APS Middle School Science and Engineering Fair to be held on March 30, 2019. Registration will open on February 4, 2019
REGISTRATION FOR 2019 IS NOW CLOSED
All Andover Public Schools middle school students are invited to enter and participate in a district-wide science and engineering fair that will take place on Saturday, March 30, 2019 from 9:00 am to 12:00 pm at Andover High School. Here are the details:
This event will be open to 6th, 7th, and 8th grade students in Andover Public Schools.
Participants will be able to enter either as an individual or as part of a team of 2 or 3 students.
Two divisions: Competition - enter if you want to compete to move on to the Region IV Middle School Science and Engineering Fair. Judges will evaluate and assign a score to your project. All team members must be present when project is being judged at the fair. Exhibition - enter if you want to present your project but do not want to compete against other projects. Judges will not assign a score to projects but will offer feedback on projects. Projects in this division will not be eligible to qualify for Region IV Middle School Science and Engineering Fair.
The project guidelines and judging rubrics for this fair follow the rules set by the Massachusetts State Science and Engineering Fair - these can be found at
2) Once you have an idea about what your project will be about, decide whether you will work alone or on a two or three person team. Also decide if you are going to compete for the regional fair or if you are developing an exhibition project. You can now register for the APS Middle School Science and Engineering Fair using the link above or going to the Science Fair Registration Page.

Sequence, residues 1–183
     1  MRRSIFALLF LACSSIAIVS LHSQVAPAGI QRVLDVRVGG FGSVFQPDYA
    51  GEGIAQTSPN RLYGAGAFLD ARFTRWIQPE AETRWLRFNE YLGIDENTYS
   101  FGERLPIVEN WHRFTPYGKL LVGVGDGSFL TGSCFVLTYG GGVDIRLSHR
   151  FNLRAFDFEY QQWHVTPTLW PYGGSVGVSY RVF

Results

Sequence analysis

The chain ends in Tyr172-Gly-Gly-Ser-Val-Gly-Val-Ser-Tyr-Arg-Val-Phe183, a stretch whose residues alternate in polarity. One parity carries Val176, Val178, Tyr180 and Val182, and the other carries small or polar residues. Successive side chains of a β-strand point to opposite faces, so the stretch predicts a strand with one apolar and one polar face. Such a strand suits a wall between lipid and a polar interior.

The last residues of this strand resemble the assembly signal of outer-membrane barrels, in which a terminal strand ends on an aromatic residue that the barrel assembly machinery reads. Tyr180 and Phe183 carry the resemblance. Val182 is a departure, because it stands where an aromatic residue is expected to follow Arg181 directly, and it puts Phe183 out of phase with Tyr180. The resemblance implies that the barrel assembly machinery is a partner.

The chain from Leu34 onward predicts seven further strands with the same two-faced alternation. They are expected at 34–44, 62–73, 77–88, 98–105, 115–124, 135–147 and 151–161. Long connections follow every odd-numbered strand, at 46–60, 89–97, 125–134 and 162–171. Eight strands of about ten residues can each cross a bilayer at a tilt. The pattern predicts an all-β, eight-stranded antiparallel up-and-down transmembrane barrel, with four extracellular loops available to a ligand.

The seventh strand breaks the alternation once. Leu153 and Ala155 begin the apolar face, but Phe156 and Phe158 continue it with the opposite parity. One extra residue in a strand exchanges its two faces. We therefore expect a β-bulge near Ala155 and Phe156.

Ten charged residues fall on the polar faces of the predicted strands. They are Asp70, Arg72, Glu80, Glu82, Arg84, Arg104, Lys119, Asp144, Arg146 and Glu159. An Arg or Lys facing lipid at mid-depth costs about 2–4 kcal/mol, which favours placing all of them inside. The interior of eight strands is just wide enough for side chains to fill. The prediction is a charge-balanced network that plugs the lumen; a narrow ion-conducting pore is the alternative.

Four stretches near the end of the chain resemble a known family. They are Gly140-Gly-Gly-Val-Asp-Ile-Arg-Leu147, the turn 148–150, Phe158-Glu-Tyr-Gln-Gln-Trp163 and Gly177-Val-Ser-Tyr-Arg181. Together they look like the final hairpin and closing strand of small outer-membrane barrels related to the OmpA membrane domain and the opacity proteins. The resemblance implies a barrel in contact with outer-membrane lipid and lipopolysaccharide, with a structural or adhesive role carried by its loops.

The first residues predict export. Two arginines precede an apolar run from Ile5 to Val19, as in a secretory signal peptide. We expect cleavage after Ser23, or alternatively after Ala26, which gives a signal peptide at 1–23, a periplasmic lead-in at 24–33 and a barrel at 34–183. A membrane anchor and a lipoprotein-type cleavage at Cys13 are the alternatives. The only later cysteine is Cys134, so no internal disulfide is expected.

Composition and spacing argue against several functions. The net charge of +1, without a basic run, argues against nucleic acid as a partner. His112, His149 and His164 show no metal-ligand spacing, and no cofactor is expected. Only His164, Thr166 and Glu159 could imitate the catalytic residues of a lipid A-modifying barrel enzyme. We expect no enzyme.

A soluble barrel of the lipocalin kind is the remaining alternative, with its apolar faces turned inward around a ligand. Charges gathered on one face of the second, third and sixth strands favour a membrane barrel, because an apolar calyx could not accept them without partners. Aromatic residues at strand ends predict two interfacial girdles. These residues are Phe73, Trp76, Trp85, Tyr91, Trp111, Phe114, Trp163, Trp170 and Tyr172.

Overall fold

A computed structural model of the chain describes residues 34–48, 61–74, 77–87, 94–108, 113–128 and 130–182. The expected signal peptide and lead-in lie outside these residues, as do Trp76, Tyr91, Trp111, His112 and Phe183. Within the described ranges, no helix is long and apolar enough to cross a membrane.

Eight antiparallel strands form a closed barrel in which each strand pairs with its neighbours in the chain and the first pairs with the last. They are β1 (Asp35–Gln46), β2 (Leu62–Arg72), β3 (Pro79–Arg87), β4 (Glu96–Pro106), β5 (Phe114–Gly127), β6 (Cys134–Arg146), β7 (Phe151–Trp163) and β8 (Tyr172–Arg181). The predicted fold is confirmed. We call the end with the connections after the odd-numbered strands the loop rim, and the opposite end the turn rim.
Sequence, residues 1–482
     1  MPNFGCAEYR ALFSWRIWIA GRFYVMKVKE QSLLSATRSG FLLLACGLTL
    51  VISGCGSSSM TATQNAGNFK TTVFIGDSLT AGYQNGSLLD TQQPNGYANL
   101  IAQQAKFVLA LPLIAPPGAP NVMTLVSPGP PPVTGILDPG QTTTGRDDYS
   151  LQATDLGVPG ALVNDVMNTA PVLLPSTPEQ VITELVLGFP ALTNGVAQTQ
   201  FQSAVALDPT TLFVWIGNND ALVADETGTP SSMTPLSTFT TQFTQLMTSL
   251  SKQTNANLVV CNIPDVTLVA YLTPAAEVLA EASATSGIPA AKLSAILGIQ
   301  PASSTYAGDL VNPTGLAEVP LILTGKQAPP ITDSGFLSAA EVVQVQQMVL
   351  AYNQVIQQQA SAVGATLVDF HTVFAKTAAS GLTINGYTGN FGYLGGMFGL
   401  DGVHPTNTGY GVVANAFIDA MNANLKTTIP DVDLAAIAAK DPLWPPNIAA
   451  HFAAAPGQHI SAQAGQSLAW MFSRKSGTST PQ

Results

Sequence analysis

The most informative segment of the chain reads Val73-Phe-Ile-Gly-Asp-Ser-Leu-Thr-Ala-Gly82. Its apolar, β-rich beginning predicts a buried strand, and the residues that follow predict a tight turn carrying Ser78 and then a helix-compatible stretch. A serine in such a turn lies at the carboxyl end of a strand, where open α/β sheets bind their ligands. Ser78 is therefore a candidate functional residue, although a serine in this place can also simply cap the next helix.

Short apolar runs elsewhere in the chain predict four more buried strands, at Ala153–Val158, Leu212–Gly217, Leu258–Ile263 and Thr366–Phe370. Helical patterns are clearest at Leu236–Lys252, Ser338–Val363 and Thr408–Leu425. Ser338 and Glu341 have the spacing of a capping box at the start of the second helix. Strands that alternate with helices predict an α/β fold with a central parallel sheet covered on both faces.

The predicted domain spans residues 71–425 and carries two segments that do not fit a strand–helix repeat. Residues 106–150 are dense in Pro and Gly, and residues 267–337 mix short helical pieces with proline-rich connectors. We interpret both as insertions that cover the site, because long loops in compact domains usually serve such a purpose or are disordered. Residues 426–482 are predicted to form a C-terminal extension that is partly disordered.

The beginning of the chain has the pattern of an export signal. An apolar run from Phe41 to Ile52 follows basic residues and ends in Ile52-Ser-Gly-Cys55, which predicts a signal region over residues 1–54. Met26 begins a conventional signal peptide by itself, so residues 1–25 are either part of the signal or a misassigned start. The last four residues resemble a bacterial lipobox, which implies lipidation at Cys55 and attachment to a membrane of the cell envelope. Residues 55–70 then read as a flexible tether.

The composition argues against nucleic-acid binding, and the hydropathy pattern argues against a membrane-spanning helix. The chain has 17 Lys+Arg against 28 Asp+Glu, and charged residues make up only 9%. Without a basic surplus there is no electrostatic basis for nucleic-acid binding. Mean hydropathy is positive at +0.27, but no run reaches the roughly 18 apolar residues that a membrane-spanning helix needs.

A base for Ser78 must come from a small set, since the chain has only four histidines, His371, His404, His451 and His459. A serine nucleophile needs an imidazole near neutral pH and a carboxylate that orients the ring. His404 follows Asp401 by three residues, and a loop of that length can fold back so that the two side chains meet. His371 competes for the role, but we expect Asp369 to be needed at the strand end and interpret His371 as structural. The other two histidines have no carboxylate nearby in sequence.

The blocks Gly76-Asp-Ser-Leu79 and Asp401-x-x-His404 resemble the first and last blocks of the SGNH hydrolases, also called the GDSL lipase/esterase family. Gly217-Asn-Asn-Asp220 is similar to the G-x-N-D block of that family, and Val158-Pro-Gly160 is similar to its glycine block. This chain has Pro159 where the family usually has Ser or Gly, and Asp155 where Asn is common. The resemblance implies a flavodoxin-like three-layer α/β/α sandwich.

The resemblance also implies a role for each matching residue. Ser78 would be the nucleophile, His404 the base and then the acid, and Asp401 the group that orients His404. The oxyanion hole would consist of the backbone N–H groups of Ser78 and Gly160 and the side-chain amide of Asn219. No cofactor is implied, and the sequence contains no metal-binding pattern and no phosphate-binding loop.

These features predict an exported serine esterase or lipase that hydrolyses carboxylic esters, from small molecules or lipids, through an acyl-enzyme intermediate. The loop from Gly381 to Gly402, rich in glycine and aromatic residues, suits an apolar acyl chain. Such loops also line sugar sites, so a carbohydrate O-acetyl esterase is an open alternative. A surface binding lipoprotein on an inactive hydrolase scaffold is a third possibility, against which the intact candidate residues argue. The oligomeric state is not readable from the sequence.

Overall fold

3) Get yourself a scientific notebook (must be sewn-bound - no wire bindings or glued bindings) This is where you will record all of your information about your project including research, questions, experimental designs, data, findings, basically everything. All entries must be original, hand-written, and dated. A composition notebook works well.
4) Research your question Using any and all available text and internet resources, find out as much as you can about your project topic and your specific question and record this information in your scientific notebook. You must include a bibliography in your final report, so include all information about your information sources. In the Resources section, you will find a worksheet called Note Taking Outline that can help you. For more information on what info is needed for each bibliography entry, go to http://www.sciencebuddies.org/science-fair-projects/project_bibliography.shtml
5) Next, you need to develop your experimental design plan or engineering design plan. However, read the Don'ts List first to know what is not allowed. For a science project: What is your hypothesis? What are the variables involved in your experiment? How will your experiment be designed? What data will you collect? In the Resources section, you will find worksheets on How to develop your project proposal and How to identify variables and hypothesis For an engineering project: What is the problem or challenge you are trying to solve? What idea(s) go you have for solving this problem? What will prototype be designed? How will you test your prototype?